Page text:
"Right" in this context would mean "as I planned/wanted it to", which they are deeming to be "correct" or, as they say, "right".
So the person is saying that nothing went as they planned it or as they wanted it to.
In some contexts it will mean that they planned a series of happenings, and nothing happened as planned. In other contexts it would mean that a ...
It means "You would be".
It implies, though doesn't state (as it was likely already stated), some condition that would need to be met, i.e. "You'd be really cool if...", e.g.:
You'd be really cool if you wore that shirt.
A standard turn of phrase (idiomatic usage) for the context here is...
With apologies to Mirza Ghalib...
(Your poetic efforts, which you admit are feeble compared to one of the acknowledged "poetic greats")
This is a common self-deprecating way of admitting that you know your "poetry" isn't particularly good by comparison - but at least you're trying ...
"Doodad" is one of several nouns denoting something that either has a name unknown to the speaker or else that may not even have a name.
Thus, the meaning is
In the game you can poke, swipe, and slide various strange objects ...
"Doodad" is similar in function to "x" in algebra: it is a temporary name for what is as yet unknown.
The second sentence is better.
I think the reason "all the time" doesn't work with an instruction is that it would suggest, in a way, that you should keep doing the activity throughout the entire duration, which is still illogical as time is continuous, whereas doing something, even over and over again, represents distinct events.
You could also say:
A quick way to understand it would be to try and read it without the parenthetical statements. After all, parenthesis are supposed to contain only supplementary information or clarifications. You ought to be able to read and understand a paragraph without them.
Here's the parenthetical statement enclosed in brackets:
That reasoning might make sense if ...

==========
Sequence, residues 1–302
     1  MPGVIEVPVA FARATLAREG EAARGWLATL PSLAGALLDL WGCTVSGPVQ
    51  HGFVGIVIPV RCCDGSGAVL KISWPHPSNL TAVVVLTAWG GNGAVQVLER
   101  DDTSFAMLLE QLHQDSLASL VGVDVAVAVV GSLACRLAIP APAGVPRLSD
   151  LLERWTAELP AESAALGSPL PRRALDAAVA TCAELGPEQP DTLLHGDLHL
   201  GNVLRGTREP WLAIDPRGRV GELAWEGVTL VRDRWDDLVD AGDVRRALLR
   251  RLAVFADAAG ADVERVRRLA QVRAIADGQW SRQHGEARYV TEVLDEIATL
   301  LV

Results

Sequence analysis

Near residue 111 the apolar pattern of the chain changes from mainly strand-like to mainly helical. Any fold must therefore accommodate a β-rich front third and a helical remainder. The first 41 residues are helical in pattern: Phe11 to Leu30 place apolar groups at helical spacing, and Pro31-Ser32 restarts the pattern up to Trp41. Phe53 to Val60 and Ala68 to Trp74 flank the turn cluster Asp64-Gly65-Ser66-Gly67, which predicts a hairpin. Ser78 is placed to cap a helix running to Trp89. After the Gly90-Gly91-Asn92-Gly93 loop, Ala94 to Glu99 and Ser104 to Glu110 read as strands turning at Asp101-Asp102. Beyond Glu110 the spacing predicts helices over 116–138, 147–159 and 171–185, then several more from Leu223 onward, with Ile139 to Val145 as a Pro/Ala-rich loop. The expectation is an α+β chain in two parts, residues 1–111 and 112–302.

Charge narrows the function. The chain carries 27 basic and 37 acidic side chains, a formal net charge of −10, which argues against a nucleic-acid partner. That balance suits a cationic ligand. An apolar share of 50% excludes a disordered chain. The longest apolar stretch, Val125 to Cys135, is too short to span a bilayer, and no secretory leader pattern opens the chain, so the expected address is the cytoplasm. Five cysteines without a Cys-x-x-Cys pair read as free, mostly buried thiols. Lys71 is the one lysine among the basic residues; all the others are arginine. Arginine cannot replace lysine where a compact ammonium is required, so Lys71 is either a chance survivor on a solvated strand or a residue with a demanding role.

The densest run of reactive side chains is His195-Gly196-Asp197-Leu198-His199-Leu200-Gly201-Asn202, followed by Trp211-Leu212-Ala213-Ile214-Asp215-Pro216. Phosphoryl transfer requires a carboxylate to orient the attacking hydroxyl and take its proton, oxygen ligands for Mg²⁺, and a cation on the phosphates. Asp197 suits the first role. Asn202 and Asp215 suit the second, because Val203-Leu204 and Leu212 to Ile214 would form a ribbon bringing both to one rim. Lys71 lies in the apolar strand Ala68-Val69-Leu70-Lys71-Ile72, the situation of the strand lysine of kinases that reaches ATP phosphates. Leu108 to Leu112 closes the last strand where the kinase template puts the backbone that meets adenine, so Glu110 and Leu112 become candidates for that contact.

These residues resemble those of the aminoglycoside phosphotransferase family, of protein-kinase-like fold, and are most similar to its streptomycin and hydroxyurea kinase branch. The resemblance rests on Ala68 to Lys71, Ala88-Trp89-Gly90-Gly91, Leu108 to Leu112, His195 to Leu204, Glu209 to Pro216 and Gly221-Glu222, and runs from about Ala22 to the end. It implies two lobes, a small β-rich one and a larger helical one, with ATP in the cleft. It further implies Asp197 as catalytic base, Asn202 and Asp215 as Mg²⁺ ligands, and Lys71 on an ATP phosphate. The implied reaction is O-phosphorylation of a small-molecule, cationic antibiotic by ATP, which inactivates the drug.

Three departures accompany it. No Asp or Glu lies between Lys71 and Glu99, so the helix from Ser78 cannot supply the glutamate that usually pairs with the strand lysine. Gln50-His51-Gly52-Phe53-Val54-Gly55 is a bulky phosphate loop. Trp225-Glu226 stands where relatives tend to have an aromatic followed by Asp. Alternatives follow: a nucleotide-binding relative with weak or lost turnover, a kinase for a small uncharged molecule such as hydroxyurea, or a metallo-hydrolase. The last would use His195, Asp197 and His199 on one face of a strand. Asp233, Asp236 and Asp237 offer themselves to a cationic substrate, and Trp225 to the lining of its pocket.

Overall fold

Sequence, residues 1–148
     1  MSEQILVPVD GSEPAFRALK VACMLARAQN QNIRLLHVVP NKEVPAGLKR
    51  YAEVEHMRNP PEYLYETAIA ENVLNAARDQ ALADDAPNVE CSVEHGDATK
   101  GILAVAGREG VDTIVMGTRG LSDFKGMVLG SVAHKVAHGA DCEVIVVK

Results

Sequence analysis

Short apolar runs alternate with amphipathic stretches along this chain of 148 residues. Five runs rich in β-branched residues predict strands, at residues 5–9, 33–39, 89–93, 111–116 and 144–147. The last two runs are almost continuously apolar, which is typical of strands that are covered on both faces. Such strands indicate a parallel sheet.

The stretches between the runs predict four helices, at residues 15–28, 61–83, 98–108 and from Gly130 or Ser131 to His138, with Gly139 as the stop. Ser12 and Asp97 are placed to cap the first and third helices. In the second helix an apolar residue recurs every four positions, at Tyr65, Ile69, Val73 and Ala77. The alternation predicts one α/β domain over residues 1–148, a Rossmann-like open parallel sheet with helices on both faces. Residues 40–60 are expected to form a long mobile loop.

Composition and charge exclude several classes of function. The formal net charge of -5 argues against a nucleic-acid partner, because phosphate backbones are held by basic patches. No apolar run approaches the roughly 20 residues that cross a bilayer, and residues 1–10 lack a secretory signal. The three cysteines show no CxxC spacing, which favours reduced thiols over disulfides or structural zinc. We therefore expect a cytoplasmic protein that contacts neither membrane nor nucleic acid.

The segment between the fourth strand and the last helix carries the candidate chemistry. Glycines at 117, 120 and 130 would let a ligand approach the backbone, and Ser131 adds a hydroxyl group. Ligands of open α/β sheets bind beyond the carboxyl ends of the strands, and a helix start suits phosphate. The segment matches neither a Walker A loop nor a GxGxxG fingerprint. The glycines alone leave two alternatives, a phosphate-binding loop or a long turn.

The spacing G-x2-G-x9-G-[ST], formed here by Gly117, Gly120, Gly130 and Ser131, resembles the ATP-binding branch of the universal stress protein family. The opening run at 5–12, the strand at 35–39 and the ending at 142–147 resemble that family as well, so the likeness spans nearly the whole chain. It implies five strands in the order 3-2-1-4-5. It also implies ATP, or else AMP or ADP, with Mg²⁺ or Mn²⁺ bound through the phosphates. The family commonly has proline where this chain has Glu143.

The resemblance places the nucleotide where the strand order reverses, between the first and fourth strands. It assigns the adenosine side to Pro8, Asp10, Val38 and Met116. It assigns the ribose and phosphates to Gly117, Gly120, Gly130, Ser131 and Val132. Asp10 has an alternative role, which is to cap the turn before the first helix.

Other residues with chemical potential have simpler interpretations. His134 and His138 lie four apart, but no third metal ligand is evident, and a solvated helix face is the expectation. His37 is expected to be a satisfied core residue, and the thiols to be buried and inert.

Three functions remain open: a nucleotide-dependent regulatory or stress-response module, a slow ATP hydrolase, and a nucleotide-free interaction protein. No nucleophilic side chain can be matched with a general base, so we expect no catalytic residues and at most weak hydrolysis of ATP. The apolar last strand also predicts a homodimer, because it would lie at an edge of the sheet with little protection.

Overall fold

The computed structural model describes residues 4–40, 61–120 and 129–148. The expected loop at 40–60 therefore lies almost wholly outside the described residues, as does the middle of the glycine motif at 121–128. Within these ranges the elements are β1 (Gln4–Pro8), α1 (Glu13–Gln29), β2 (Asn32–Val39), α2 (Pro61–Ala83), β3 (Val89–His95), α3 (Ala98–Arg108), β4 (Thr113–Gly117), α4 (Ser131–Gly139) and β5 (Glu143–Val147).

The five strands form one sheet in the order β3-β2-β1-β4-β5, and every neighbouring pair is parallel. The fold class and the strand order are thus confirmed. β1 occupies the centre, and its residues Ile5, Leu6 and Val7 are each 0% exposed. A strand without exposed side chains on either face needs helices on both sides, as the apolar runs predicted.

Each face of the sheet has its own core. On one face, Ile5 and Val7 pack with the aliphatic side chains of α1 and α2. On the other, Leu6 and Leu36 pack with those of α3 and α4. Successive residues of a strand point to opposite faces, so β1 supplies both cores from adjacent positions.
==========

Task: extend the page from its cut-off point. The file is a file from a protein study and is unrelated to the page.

'If need be' is an example of a grammar fossil. The non count form of 'need' and the subjunctive verb 'be' are both old usage.
At one time, that would have been the usual way to say 'if a state of need exists'. The phrase has remained even as grammar has changed. It is appropriate in formal English.
There are plenty of similar short phrases. You probably ...
Yes. Unlike some other languages (eg Spanish, Japanese), English uses the same copula be for contingent properties, innate properties, identity, and sometimes location:
I am happy (contingent or transitory property)
I am human (innate or permanent property)
I am Colin (identity)
I am in my house (location).
"Put" means to place an object somewhere.
"Keep" means to store an object somewhere on a permanent or long term basis.
I put my bag on the desk so the inspector could check it.
I keep my bag in the closet when I am at home.
The first is temporary. The second is more or less permanent. You can use 'put" for long term placements, but you cannot use "...
If you want to change the box's position, you would ask the owner "Is it all right if I put the box here?" or "May I put the box there?"
"Where should I put the box?" is asking the owner where they want you to put it.
If you keep the box somewhere, it will stay there for a long time.